In 500 Words or Less: The Gossamer Mage by Julie E. Czerneda

In 500 Words or Less: The Gossamer Mage by Julie E. Czerneda

The Gossamer Mage-smallThe Gossamer Mage
By Julie E. Czerneda
DAW Books (416 pages, $27.00 hardcover/$12.99 eBook, August 6, 2019)

In the words of the great Mr. Spock, Julie Czerneda’s forthcoming novel The Gossamer Mage is fascinating.

To be fair, everything I’ve ever read from Julie is fascinating in some way. But Gossamer is a different brand of cool than either The Clan Chronicles or Web Shifters. Not only is it a jump from science fiction to fantasy, but it brings along the intricate detail and clever wordplay that you can find in any of Julie’s other works.

What mainly fascinated me here was the magic. I’m not the sort of reader or writer who needs a magic system to have strictly defined rules that can’t be broken and need to see explained in detail (although I enjoy that when it’s done well, like in The Dresden Files). What I definitely need, though, is magic that has consequences, so you don’t need to come up with complicated reasons to prevent mages from laying waste to every opponent. Julie’s presented a really cool brand of consequence: magic that siphons years off a mage’s life, aging them as they perform their works, in this case through ink and parchment.

She goes one better to make that aging somewhat up to the whim of the Deathless Goddess, to which (almost) every scribemaster gives their allegiance. And then on top of that, she’s layered a complex world built around the idea of mages who literally spend their life to achieve success. Scribemaster Saeleonarial, for example, worries that every new magical script will make him a decrepit old man, and looks down on young people who burn through that youth too quickly going after glory. There’s a vested interest in producing new mages through promoting powerful bloodlines, but the power to control that rests with the hold daughters, who represent the Deathless Goddess who allows magic to exist. And so on.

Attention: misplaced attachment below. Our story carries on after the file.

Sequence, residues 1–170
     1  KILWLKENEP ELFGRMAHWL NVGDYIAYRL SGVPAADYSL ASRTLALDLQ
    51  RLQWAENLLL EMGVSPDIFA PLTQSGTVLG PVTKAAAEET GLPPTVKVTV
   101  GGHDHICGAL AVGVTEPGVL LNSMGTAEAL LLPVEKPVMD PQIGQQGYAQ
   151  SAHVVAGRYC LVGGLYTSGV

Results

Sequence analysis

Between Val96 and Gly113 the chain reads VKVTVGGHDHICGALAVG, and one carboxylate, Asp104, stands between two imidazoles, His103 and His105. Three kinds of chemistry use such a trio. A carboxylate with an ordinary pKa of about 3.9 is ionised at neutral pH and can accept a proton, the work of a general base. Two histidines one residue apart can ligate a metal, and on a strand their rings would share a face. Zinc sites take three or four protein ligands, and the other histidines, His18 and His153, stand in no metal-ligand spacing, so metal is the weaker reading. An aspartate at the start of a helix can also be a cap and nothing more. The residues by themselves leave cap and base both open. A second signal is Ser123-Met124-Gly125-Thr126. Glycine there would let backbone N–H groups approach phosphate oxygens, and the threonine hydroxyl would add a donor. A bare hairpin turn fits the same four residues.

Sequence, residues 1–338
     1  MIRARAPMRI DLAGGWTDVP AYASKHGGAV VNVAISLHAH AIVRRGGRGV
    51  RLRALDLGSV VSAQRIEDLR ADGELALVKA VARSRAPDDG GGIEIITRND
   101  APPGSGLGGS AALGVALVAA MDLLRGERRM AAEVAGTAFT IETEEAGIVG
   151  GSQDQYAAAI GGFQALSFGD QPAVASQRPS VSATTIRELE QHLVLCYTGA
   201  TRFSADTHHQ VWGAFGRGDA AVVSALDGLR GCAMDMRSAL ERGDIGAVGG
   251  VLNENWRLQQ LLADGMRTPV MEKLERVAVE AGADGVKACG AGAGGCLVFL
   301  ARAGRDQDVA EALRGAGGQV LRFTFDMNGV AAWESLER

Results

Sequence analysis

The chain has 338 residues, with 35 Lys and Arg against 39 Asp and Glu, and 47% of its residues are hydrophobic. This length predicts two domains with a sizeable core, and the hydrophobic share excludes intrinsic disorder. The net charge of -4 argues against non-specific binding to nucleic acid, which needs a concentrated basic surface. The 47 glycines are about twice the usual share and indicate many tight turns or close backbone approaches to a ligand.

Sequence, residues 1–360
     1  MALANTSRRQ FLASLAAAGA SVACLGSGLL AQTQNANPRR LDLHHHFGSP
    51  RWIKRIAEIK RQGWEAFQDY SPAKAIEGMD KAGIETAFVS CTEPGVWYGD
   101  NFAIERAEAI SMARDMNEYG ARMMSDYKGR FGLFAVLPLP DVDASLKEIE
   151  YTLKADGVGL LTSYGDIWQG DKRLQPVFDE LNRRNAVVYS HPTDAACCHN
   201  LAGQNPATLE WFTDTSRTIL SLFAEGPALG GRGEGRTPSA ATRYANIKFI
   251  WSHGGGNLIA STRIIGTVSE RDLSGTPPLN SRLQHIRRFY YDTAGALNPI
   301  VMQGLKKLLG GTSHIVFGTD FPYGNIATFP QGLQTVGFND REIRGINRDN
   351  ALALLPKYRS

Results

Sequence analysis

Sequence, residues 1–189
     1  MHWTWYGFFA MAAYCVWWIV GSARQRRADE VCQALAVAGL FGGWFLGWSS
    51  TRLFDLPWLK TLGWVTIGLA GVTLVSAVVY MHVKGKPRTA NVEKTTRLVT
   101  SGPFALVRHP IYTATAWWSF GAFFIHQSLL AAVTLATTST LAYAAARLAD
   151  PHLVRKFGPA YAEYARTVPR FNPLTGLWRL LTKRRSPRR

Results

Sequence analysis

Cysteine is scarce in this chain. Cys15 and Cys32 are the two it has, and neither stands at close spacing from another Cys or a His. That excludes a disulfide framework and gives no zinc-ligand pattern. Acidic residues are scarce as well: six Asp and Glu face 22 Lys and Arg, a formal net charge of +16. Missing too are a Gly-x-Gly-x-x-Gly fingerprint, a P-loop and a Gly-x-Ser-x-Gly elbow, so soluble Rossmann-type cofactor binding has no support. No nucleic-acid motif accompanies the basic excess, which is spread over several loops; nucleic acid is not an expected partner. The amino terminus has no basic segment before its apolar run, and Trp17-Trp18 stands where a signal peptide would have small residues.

The other thing that fascinated me in Gossamer is the lyrical way that Julie’s constructed this novel. Breaking the story up between things like “Fundamental Lexicon” and “Dreadful Syllabus” is the obvious part of this. Less obvious until you start reading is Julie’s particular style of prose, which has always felt more literary to me than contemporary sci-fi/fantasy, making you work a little harder to understand the world through its characters’ eyes. I feel like Gossamer made me work a little harder than The Clan Chronicles or Web Shifters books, but between the intricate world and the complex plot, centered around hermit mage Maleonarial and his quest against the Goddess, the payoff for that work is more than worth it.

I think the best authors in our field push themselves in new directions, and I’m excited to see Julie doing that here. Of course, that makes her ever more slightly intimidating in her awesomeness, but I figure that’s worth it, too.

An Ottawa teacher by day, Brandon has been published in On SpecPulp Literature, Electric Athenaeum, and elsewhere. You can follow Brandon at or on Twitter: @B_Crilly.

Like podcasts? Brandon has just launched a limited first season of “Broadcasts from the Wasteland,” where he and fellow author Evan May sit down for casual chats with other Canadian writers — including Julie Czerneda! Listen to her episode with Kevin Hearne plus other awesome guests right here:

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